On the jump is an extended passage from Dean Snyder’s Good Friday sermon that makes use of Jeremiah Wright’s “God damn America” line. It softens the application, making it more palatable–and obliquely identifies with the Obama critique. Pretty good use of Moltmann, I’d say. Worth a look.
The theologian Jurgen Moltmann says Jesus’ death was not a “fine death.” The Gospel of Mark describes his dying as “greatly distressed and troubled.” (Mark 14:33) Mark says he died with a loud incoherent cry. (Mark 15: 37) The Book of Hebrews says he died “with loud cries and tears.” (Hebrews 5:7)
Matthew and Mark both say he died shouting in a loud voice the words: “My God, my God, why have you forsaken me?” Only in Luke and John, later Gospels, does Jesus’ death become more peaceful and heroic. The early Gospels tell us Jesus died in profound despair. He died feeling abandoned by God. Over time we have tried to soften the harshness of it, but, if we assume Mark and Matthew are close to the reality, as I do, Jesus’ dying was not pretty.
He dies godforsaken. The only begotten Child of God dies without God, without comfort, without meaning. He descends into hell.
Yet this strange religion of ours teaches this – that this most godforsaken of deaths is the precise moment in human history when we see God most clearly. How can this be? What does this mean?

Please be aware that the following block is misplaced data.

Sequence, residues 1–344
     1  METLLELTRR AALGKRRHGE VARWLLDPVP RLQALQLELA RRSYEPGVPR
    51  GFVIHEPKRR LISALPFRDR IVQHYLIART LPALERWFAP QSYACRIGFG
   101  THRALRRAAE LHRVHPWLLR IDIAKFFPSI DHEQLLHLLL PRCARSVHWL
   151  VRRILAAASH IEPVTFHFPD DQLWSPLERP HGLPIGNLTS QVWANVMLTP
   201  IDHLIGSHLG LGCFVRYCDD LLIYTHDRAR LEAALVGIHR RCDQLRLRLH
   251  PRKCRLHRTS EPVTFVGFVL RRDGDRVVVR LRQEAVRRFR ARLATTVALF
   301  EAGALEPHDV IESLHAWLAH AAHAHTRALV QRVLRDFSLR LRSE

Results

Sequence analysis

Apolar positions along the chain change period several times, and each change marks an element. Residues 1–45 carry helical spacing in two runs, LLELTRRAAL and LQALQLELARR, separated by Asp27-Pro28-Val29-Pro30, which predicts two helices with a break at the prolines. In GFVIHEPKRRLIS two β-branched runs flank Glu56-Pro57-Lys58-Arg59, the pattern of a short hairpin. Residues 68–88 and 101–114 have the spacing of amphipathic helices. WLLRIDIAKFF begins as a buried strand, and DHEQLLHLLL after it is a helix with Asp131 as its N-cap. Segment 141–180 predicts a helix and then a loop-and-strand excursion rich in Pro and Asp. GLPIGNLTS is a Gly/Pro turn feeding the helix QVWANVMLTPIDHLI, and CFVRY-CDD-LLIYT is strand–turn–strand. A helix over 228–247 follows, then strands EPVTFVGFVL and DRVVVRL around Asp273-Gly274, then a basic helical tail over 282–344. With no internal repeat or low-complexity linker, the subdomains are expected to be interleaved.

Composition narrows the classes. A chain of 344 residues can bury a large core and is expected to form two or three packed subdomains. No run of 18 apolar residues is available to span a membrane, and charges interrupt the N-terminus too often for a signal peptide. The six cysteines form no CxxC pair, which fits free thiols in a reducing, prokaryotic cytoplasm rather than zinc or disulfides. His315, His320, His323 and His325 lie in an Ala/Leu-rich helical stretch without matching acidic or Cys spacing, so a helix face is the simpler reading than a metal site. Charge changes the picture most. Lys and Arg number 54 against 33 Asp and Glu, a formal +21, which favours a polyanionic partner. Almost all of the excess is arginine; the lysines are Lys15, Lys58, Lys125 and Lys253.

Professor Moltmann tells us it must mean something about where God chooses to be in our world…that God chooses to be at the very places that, by all our human senses and assumptions, we assume are most godforsaken. It must mean, Professor Moltmann says, that God is in the places of our world where we most assume God isn’t.
Where do we assume in our world God most isn’t? The prisons? The places where people most abandon themselves to their raw appetites? The sex dens? The crack houses? In the midst of war and terror? Terrorist cells? Nursing homes that smell of death?
I want to ask Professor Moltmann: Are we to believe that these sorts of godforsaken places are where God is most present? That these are the places we are most likely to see God? It is hard to imagine.
Are we then to assume, Professor, that this is also true of our personal lives? …that God chooses to be at the very place within us where we feel we are most distant from God? The darkest shadows inside of us where we are most vile? The buried and repressed stuff? The jealousy and selfishness and out-of-control appetites? These godforsaken places within us that we try to deny to even our own consciousness? Can this godforsaken place in me be the place of resurrection and new life? Is that what you are saying, Professor Moltmann? It is hard to imagine.
What about the godforsaken places within us as a nation? The racism. Who doesn’t feel the despair about that these days? When are we ever going to be able to talk with each other reasonably about race in America? This unhealed wound that flares up whenever we seem to be making an inch of progress? The racism. And the other isms. The sexism. The homophobia that drops into my mailbox daily these days?
Who doesn’t want to say God damn to this part of our national life together in which we just keep crucifying each other over and over again? Can you really mean, Professor Moltmann, to say that this godforsaken place within our national soul is where we are most likely to find God in America? Hard to imagine.